Controversy appears to be, currently, our national pastime. Controversies thrive on tit for tat. >Asaduddin Owaisi’s taunt (on April 3) to Mohan Bhagwat that he would not chant a particular slogan even if a knife were held to his throat, was his pennyworth to the national repertoire of controversies.
>Mr. Bhagwat saw it as such . Not Ramdev. He got carried away, and >walked straight into the trap , highlighting an issue that merits urgent attention: the civilisational throwback of tit for tat as a response strategy in public life.
Consider, for a moment, Gandhi’s humiliation in Pietermaritzburg on June 7, 1893. A barrister, Gandhi could have reacted differently from the way he did. The aggressor could have been dragged to court, if not resisted by physical might.
Now consider a different, hypothetical illustration. Let us envisage the Hon’ble Chief Justice of India (CJI) travelling to court in the morning. The car stops at a signal point. A young lad, motivated by irrational mischief, sticks out his tongue at the CJI. How is he to respond? By the rule of tit for tat, the CJI must put his tongue out at the urchin. This is the very thing he should not do. The self-denigration grinning from this tit-for-tat model of self-defence far exceeds the insult value of the street urchin’s provocation. If the CJI reacts in terms of tit for tat, he will not only ruin what little respect there could still be in the mind of the naughty boy for him but also (a) justify, to some extent, the hooliganism of the boy, and (b) undermine his own self-respect completely.
The case for self-control The tit-for-tat strategy belongs to a crude, prehistoric stage of human evolution. The curse of this strategy is that it keeps us vulnerable to external control. The essence of human progress through history is the shift from being controlled by external forces (including taunts, threats and provocations) to the human spirit controlling external forces and circumstances. That was how we developed our resources of imagination and inventiveness. In contrast, tit for tat requires no play of imagination or effort of mind or spirit. It is a crude, mechanistic and instinct-driven reaction.
Let us return to our analogy. The CJI putting his tongue out at the street urchin by way of tit for tat puts him, at best, on a par with the offender. He needs no qualities or mind, heart or spirit to react in this manner. Not so, if he were to respond as Gandhi did in Pietermaritzburg. The core issue is still different. So long as the Hon’ble Judge functions in terms of tit for tat, he will be at the mercy and control of the urchin. Tit for tat makes him vulnerable to further provocation from the urchin and the obligation to react even more awkwardly in response — clearly an unthinkable, degrading prospect.
Responses of this kind belong to the mindset of barbarism. The hallmark of barbarism is man’s enslavement to external forces. The savage is a slave of circumstances. Human progress has taken place along the axis of our growing self-control and our gradual mastery of external forces of every kind. This is the point of congruence between physical and spiritual forces.
One of the foremost dangers that modern man faces, wrote G.K. Chesterton a century ago, is the ‘slow return’ to barbarism. This has myriad faces. Whenever and wherever human beings find themselves controlled, enslaved and petrified by external forces, systems and circumstances, they are regressing towards the barbaric scheme of things, rather than a civilised way of life. Coercion is perforce barbaric.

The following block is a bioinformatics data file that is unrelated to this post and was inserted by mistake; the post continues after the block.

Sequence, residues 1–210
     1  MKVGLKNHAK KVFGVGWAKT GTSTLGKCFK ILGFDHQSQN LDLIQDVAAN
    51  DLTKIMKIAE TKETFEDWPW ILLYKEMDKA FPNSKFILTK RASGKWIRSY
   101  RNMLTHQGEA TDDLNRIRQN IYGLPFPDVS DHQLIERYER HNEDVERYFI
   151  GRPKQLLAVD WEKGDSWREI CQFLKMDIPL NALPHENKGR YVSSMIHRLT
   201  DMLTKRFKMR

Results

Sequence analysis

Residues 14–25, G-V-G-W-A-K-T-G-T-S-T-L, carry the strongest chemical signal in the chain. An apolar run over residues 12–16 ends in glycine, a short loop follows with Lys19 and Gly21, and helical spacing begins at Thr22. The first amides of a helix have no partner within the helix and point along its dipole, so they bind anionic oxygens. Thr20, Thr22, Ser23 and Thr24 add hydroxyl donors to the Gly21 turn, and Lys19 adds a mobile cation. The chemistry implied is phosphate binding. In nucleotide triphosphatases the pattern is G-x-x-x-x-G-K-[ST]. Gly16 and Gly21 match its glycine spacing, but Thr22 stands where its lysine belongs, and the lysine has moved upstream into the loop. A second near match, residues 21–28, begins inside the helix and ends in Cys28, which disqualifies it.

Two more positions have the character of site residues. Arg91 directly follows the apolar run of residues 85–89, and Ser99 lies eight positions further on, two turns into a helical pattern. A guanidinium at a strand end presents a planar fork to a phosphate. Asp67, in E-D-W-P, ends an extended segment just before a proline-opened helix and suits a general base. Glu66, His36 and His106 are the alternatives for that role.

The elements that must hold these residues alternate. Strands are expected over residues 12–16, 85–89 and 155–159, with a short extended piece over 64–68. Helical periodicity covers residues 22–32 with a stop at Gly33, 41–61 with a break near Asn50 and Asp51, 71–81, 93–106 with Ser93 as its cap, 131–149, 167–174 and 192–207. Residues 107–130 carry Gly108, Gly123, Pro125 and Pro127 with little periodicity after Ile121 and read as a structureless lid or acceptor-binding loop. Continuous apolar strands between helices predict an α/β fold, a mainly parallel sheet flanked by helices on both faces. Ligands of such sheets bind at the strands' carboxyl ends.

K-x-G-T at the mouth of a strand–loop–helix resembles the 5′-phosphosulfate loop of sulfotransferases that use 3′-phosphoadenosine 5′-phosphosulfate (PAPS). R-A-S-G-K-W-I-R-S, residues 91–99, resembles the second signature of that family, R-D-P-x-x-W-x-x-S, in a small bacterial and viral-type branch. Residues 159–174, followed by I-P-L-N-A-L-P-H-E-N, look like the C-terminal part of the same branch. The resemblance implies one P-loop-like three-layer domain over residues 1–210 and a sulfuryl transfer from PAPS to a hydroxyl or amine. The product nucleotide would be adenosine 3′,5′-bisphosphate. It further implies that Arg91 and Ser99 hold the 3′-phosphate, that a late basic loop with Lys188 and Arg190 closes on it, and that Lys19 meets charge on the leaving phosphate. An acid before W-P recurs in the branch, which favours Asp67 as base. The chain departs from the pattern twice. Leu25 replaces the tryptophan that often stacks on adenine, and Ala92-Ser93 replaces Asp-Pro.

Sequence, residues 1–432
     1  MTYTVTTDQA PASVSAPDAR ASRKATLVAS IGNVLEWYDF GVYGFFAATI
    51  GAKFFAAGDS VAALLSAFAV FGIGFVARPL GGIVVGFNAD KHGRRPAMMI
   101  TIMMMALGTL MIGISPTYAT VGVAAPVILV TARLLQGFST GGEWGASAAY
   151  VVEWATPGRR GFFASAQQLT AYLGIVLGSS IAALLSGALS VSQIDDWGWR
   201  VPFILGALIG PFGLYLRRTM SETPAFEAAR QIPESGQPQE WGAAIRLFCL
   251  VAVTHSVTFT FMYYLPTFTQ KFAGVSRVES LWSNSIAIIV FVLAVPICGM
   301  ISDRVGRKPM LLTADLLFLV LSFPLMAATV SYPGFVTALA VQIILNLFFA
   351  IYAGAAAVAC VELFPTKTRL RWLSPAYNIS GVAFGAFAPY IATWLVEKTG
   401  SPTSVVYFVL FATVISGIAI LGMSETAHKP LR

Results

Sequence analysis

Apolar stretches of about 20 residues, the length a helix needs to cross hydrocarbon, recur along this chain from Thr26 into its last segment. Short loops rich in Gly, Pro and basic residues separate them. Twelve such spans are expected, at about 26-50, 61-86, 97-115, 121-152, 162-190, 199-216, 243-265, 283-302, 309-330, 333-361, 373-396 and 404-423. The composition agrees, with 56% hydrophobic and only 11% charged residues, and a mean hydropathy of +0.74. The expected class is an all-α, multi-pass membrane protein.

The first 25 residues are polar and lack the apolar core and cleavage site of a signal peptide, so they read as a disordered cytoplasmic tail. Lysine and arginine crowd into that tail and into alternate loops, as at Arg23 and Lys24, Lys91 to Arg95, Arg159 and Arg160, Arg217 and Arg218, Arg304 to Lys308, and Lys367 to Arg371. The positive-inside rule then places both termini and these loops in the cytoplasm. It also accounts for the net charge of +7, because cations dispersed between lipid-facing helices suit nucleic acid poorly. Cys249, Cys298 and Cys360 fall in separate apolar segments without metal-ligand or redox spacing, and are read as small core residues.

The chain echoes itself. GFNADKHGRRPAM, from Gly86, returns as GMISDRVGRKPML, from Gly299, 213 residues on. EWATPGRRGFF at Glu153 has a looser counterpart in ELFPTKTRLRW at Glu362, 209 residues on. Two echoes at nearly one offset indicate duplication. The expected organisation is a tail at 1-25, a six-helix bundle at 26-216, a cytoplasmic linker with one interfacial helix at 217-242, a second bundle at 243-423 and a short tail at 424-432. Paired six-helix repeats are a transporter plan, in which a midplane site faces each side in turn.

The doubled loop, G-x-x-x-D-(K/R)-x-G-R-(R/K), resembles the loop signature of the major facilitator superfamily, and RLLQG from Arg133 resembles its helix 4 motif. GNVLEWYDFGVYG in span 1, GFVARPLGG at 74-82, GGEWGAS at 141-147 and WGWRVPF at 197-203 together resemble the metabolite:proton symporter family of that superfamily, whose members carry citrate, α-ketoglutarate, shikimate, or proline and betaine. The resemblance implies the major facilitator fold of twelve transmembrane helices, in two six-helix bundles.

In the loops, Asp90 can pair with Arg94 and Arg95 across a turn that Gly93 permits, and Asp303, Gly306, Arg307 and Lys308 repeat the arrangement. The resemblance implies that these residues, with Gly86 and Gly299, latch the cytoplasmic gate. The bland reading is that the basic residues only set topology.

A mindset of inequality So, we need to be ever on our guard against the emergence of coercive mindsets, ideologies and dispensations. Coercion of every kind and in every context — including that of patriotism — does more harm than good to the nation. The agents of coercion may don the garb of patriotism, but their misconceived adventures are sure to undermine the country.
Granted, we need to be patriotic as well as promote the spirit of patriotism. The question is how. This revives the age-old debate on the coherence of means and ends. We have to be inspired patriots to be able to promote patriotism patriotically.
Patriotic slogans are like smiles — outward manifestations of an inner state. You cannot force people to be patriotic, just as you cannot force them to keep smiling for 10 years for reasons they know not. The mindset of coercion is driven by raw, adversarial power. It bristles with hostility towards a person, group or community, not love for the country. The returns from forcing someone to shout a slogan of your choice are psychological, not political or patriotic. What is at work is the imposition of one’s will on the target of coercion.
It is unpatriotic to target individuals and communities. All the more so, if it is done in the name of Bharat Mata. The idea of requiring someone to shout Bharat Mata ki Jai is that Bharat is our common Mother. (Why should I shout Jai for someone else’s mother?) So, we are members of the same family, wherein love rules and coercion has no place.
Given the fact that Bharat is our Mother and we are one vast, extended Family, we belong together under a shared destiny. The first task of true patriotism is, therefore, to propagate a culture of pan-Indian unity, transcending divisive labels and barriers. So long as people are labelled, ghettoised, targeted or traumatised, the compulsion to thrust slogans on them coercively will remain. Coercion is a one-eyed monster. It can see only one side of the equation. That is as good as saying that it cannot see any equation. Equality is innate in equation. It is the mindset of inequality that valorises coercion. But use of force is a recipe that has only worked, all through history, to the corruption and destruction of peoples and nations.
Valson Thampu is the former Principal of St. Stephen’s College, University of Delhi.